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August 26, 2010

Whether it’s because of the economy, reaching a certain age, or other even-less-pleasant circumstances, many people now seek some sort of reinvention in their lives. Yes, I’m talking to, you, (insert your name here).

Last week, I hauled my sorry self into a skirt and down the mountain to a launch party for Karen Quinn’s new book (Testing for Kindergarten).

(I recently linked to videos from her blog, where dogs help kids prepare for kindergarten. Just this week she posted a new first-day-of-school video. It tells the story of a dog who is shy at puppy class.)

This is Karen’s FIFTH book (if I’m counting correctly), and I always find the stories behind how she does what she does fascinating.

So, today, I want to share one insight about Karen’s success …

Even when she has no idea how to do what she wants to do, she just figures it out as she goes along and does it anyway.

For example, when she decided to write a best-selling novel, she just sat down and did it.

It might be important to note, for those who believe in setting intentions, that Karen didn’t just say, “I want to write a novel.” She told herself (and everyone else because you never know who can help you), “I want to write a best-selling novel.”

When Karen wanted to create an actual board game for kids to go along with her new book, she had NO idea how you make a board game from scratch, but she figured it out. And, voila … the game is here.

Displaced Bravery

This advice made me think about fearful dogs and our hopes and dreams for them. I’ve always said that it’s MUCH easier to be brave for someone else than it is to be brave for yourself. I can easily muster enthusiasm, some tangible support, and even shameless promotion for YOU.

And, here is why.

Just like with our fearful dogs, we can lead. We can train. We can cheer. We can hope because we aren’t the ones feeling the anxiety moment to moment. We aren’t the ones trying to make forward progress, despite it.

But, when you’re the one facing some sort of reinvention or even the next step in your current iteration, that hum that comes from fearing failure gets quite loud.




Perhaps someone will invent a ThunderShirt, of sorts, for us. It might provide the necessary comfort as we just figure it out on the task-paved path to what’s next.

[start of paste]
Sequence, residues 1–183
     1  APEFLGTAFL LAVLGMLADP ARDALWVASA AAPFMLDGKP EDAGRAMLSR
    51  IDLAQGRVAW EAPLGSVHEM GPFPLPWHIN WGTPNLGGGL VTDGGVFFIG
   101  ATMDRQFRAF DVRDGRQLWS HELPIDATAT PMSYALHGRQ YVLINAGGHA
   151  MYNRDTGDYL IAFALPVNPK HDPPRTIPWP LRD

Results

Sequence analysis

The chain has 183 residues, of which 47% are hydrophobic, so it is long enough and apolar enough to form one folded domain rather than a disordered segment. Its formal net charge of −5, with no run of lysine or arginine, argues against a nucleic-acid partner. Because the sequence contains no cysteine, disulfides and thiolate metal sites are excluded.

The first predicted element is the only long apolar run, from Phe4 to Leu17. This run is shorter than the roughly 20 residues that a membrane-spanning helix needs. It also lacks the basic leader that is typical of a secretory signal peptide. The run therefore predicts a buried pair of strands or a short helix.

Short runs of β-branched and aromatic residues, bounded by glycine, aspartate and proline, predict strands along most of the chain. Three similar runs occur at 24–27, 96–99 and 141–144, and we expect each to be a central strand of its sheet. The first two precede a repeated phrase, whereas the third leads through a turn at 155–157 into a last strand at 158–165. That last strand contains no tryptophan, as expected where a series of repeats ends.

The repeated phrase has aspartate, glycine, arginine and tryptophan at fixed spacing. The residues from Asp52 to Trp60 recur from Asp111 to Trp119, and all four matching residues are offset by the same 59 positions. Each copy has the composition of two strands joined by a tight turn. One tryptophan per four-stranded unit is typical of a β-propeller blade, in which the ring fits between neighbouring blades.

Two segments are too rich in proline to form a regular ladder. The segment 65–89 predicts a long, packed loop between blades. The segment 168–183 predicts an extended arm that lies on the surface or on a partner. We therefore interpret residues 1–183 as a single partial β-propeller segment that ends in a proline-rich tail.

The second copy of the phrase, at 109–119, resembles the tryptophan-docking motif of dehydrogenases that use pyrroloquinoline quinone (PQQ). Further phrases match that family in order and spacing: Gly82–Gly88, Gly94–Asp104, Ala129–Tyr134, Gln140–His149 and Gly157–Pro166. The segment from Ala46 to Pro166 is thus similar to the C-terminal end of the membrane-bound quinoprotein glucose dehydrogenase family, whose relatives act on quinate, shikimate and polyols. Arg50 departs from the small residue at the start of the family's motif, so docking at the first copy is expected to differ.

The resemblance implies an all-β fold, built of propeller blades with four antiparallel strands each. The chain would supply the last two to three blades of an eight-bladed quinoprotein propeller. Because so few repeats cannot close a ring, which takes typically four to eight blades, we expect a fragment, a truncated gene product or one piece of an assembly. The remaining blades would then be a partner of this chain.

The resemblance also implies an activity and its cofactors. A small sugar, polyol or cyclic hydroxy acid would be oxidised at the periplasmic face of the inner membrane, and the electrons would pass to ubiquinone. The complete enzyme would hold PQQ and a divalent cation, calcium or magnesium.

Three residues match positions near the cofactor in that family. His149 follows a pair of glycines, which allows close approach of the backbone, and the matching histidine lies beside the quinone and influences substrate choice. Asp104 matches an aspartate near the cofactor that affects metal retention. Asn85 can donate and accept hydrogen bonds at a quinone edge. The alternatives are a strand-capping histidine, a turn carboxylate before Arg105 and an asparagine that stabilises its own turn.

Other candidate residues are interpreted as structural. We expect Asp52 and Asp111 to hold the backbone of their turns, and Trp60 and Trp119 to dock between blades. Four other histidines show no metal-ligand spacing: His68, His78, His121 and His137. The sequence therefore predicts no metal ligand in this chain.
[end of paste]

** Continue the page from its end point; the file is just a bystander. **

About the Author Roxanne Hawn

Trained as a traditional journalist and based in the Rocky Mountains of Colorado, USA, I'm a full-time freelance writer for magazines, websites, and private clients. My areas of specialty include everything in the lifestyles arena, including health and home, personal finance and other consumer interests, relationships and trends, people and business profiles ... and, of course, all things pet related.

I don't just love dogs. I need them in my life. Seriously.

  1. Excellent post, Roxanne. I think if we stopped and asked ourselves how many times we didn’t do something because of the fear of failure, that would surely scare us! It reminds me of the quote, “The only failure is not trying.”

  2. Boy can I relate to your post! I was laid off in Jan 2008 and after a few false starts trying to get back into what I used to do I decided to start my own pet sitting business. It has been a learning process for sure, but the one thing that has been a constant struggle is a fear of failure.

    The funny thing is… I have a fearful dog. I have done everything you described to help her with her fear, even buying a Thundershirt to help her out through thunderstorms. What I wouldn’t give for a Thundershirt of my own!

  3. I have a rescue dog “Woody” We took him in and he bit the whole family due to fear. We had a Dog listner home and 3 weeks later we had a much happier dog we will be working with Woodys fear for a very long time, but we are getting there.
    The thunder shirt helps with his walks, But most important we are now in charge and showing Woody the way forward in a language he understands.

  4. Your words ring *so* true. How many times have a shrunk away from trying something due to fear of failure? Too many times. Then, when I can overcome that fear, often I get exactly what I want. If only I could really learn that lesson and internalize it!

    A thundershirt for me, please!

  5. *Love* the idea of “figuring out” a path that’s “task-paved.” It’s all too easy to get stuck in your head and never move anywhere. Equally as easy to move with recklessness. But to move while letting your head still do it’s thing, now that’s a nice approach…

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